Part six of a six part series reviewing the patent litigation landscape in Europe - the Future.
N. Fox, “Brevets sans Frontières: How Much Litigation Will Actually Take Place in the Unified Patent Court?” (2018) 40 E.I.P.R., Issue 2
The table above summarizes the volume of patent litigation in the most active jurisdictions in Europe and some of the features which may impact the transfer of such work to the Unified Patent Court.
Clearly Germany dominates in terms of existing patent litigation. However, as the table shows, much of this litigation relates to enforcement of national rights over which the Unified Patent Court will have no jurisdiction. Given this, together with the inherent procedural advantages for patentees under Germany’s bifurcated patent procedure, it will be challenging for much of the existing German litigation to be transferred to the Unified Patent Court. The volume of cases outside of Germany is far lower. However, there also, the ability of the Unified Patent Court to attract work currently litigated elsewhere also faces challenges due to the relatively large proportion of national rights enforced in for example in France or the relatively high proportion of pharmaceutical patents which account for disputes elsewhere.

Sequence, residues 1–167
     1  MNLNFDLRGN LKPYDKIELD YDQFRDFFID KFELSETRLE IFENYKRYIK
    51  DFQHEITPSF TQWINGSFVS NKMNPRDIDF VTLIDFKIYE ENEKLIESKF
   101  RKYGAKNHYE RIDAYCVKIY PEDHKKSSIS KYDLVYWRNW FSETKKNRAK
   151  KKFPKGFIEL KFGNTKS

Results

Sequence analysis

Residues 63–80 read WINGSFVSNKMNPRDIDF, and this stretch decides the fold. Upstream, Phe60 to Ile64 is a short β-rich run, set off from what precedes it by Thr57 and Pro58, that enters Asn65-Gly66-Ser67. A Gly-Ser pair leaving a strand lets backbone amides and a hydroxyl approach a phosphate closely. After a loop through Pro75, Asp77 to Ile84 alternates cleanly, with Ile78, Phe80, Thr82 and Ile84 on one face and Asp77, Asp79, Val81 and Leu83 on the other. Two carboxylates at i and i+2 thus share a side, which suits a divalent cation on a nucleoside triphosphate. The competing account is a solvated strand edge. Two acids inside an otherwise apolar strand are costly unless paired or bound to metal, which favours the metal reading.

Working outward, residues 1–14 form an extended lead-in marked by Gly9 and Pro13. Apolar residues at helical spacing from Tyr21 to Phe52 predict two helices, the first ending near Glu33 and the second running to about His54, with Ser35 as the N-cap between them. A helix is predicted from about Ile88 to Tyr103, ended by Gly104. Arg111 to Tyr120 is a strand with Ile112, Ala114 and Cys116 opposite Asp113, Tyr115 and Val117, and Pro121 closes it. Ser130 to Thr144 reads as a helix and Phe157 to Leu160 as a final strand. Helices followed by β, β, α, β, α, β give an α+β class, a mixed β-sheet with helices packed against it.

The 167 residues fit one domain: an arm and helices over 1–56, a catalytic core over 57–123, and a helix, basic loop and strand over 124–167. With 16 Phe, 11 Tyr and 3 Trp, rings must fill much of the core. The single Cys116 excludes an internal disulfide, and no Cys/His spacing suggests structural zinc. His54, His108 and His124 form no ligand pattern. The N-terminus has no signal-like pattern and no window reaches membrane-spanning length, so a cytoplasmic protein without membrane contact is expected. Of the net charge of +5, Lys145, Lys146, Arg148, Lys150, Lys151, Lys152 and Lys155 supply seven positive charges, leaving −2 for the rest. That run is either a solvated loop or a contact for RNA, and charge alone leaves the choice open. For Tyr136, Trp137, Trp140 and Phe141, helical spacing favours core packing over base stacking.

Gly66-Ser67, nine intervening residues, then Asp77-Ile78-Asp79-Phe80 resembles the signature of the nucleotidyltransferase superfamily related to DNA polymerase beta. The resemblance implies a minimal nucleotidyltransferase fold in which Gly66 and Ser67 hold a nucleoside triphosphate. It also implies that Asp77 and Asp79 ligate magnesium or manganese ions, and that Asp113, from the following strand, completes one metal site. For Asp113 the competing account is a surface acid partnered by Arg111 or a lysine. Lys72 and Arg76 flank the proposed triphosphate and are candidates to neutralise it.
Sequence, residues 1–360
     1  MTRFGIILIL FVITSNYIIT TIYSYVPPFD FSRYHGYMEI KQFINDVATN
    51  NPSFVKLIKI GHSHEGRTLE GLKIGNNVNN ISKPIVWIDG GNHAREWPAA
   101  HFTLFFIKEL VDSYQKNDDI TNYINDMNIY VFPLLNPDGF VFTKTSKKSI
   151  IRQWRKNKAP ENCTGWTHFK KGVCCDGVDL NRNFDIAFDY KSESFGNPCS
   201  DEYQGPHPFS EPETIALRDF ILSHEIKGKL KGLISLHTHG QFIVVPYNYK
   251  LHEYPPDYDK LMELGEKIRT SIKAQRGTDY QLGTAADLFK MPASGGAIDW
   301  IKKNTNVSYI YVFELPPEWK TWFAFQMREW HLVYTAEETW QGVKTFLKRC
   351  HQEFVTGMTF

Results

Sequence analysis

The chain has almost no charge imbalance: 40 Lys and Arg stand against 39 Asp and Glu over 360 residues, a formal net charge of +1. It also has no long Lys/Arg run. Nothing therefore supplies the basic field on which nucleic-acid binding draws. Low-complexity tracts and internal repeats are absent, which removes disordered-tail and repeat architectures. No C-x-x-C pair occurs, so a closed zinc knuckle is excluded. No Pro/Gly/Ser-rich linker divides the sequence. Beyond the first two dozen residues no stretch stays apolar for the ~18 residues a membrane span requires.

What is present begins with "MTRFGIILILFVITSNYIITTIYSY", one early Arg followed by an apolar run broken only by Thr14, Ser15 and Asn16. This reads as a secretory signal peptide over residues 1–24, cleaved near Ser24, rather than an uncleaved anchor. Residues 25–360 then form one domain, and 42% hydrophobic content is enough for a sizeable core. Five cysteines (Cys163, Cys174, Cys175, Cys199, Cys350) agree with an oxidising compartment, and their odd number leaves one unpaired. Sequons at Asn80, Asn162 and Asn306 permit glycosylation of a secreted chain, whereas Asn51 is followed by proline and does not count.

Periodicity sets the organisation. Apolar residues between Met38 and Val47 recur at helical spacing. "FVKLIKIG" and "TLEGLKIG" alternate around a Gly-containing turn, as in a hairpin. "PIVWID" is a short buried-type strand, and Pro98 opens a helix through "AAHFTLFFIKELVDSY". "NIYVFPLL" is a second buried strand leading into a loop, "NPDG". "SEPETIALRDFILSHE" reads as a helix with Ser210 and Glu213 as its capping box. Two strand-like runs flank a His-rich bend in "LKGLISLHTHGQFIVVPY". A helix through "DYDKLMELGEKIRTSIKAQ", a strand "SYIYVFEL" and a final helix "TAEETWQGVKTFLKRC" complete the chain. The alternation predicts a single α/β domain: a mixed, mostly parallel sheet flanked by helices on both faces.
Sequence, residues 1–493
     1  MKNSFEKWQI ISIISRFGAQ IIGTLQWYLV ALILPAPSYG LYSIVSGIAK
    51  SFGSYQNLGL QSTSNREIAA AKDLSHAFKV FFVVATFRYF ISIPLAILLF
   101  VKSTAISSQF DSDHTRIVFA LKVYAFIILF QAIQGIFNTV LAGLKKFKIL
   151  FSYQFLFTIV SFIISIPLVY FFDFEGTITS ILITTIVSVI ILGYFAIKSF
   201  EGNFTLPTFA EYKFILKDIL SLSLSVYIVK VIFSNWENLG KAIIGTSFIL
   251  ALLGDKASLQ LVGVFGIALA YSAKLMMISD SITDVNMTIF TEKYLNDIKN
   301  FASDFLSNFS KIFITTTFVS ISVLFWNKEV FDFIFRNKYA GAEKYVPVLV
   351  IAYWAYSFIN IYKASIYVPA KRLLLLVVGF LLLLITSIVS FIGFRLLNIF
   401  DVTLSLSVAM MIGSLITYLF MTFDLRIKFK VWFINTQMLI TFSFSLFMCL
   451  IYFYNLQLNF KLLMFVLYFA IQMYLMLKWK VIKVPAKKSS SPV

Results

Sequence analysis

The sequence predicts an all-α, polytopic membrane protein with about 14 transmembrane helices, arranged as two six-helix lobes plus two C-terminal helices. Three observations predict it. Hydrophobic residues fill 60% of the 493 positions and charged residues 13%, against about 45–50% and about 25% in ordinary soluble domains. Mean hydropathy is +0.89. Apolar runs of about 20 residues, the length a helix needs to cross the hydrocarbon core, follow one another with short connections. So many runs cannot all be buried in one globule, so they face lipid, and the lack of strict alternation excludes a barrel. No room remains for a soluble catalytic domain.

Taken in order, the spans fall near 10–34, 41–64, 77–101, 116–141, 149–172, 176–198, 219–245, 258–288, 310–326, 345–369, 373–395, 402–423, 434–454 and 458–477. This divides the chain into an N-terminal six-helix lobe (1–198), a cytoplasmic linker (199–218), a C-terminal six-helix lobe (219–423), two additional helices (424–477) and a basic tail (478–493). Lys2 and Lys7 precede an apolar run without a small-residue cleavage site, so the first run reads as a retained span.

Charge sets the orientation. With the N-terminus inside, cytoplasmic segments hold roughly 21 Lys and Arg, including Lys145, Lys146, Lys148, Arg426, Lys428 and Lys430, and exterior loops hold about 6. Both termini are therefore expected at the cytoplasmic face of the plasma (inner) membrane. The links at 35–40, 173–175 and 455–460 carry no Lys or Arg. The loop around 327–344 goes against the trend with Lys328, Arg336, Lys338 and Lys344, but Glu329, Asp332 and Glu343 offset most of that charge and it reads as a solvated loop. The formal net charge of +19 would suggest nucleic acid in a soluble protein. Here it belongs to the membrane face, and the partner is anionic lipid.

Assuming that half of the cases brought in Italy relate to European patents and 25% of those European patents are also involved in parallel litigation, the table above would suggest that each year between 460 and 490 patent cases involving European patents are brought in Germany, France, the UK, Italy and the Netherlands of which around 120 are involved in parallel litigation. At a minimum, each piece of parallel litigation will be litigated twice, so the above figures suggest that around 400 - 430 individual disputes involving European patents occur each year.
Although much of the parallel litigation in Europe and particularly parallel litigation involving smaller jurisdictions concerns the entry of generic drugs onto the market, a reasonable proportion relates to other fields. Given a central core represented by non-pharma parallel litigation, it is not difficult to see 40 or so cases a year being heard in the Unified Patent Court. Assuming 20 non-pharma parallel litigation cases exist each year, it would only take a few of the disputes in the national courts to transfer to the new court for such a target to be reached. Even allowing for a relatively low take-up of cases from Germany due to the inherent attractions for patentees of Germany’s bifurcated patent system, it would not require many other litigants to opt for the new court for reasons such as speed or costs from, say, France, Italy and the UK to reach 40 cases a year.
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